Previously, we have shown that a heteroplasmic mutation in mitochondrial DNA-encoded complex I ND5 subunit gene resulted in an enhanced tumorigenesis through increased resistance to apoptosis. Here we report that the tumorigenic phenotype associated with complex I dysfunction could be reversed by introducing a yeast NADH quinone oxidoreductase (NDI1) gene. The NDI1 mediated electron transfer from NADH to Co-Q, bypassed the defective complex I and restored oxidative phosphorylation in the host cells. Alternatively, suppression of complex I activity by a specific inhibitor, rotenone or induction of oxidative stress by paraquat led to an increase in the phosphorylation of v-AKT murine thymoma viral oncogene (AKT) and enhanced the tumorigenesis. On the other hand, antioxidant treatment can ameliorate the reactive oxygen species-mediated AKT activation and reverse the tumorigenicity of complex I-deficient cells. Our results suggest that complex I defects could promote tumorigenesis through induction of oxidative stress and activation of AKT pathway.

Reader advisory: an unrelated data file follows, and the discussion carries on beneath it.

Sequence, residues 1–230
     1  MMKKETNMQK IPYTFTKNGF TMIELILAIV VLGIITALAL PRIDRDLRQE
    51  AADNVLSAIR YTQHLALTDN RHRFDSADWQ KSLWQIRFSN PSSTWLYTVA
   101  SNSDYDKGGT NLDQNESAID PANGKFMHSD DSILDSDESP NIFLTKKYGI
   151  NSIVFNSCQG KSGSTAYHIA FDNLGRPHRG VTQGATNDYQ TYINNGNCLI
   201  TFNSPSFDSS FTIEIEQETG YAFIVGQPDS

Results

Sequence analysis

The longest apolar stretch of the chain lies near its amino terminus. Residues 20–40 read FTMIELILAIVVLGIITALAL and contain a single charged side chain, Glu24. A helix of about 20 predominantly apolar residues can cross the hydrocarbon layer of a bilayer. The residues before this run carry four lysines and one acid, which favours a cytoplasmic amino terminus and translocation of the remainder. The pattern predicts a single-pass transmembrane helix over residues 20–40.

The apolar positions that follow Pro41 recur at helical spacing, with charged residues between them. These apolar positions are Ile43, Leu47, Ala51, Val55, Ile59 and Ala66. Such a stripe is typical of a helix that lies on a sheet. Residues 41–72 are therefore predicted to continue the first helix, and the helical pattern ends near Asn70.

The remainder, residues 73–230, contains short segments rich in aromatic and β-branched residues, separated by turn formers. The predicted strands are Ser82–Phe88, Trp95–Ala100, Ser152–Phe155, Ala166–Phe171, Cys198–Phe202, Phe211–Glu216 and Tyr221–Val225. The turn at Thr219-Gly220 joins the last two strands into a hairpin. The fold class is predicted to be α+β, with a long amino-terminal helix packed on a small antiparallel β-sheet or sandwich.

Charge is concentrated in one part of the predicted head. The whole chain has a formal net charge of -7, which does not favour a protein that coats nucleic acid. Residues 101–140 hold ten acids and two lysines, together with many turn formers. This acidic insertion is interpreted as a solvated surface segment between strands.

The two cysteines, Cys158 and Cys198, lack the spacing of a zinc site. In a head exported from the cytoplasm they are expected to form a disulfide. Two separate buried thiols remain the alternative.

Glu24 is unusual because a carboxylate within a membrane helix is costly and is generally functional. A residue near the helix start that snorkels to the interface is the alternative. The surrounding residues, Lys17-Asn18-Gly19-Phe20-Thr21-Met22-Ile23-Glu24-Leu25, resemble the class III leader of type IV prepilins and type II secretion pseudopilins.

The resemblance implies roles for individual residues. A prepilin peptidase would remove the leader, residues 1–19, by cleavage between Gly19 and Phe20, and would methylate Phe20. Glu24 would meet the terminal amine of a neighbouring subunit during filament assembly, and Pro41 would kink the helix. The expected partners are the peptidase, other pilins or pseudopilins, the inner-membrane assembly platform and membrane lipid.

|Evidence ID||Analyze ID||Interactor||Interactor Systematic Name||Interactor||Interactor Systematic Name||Type||Assay||Annotation||Action||Modification||Phenotype||Source||Reference||Note|
|Evidence ID||Analyze ID||Gene||Gene Systematic Name||Gene Ontology Term||Gene Ontology Term ID||Qualifier||Aspect||Method||Evidence||Source||Assigned On||Annotation Extension||Reference|
|Evidence ID||Analyze ID||Gene||Gene Systematic Name||Phenotype||Experiment Type||Experiment Type Category||Mutant Information||Strain Background||Chemical||Details||Reference|
|Evidence ID||Analyze ID||Regulator||Regulator Systematic Name||Target||Target Systematic Name||Experiment||Assay||Construct||Conditions||Strain Background||Reference|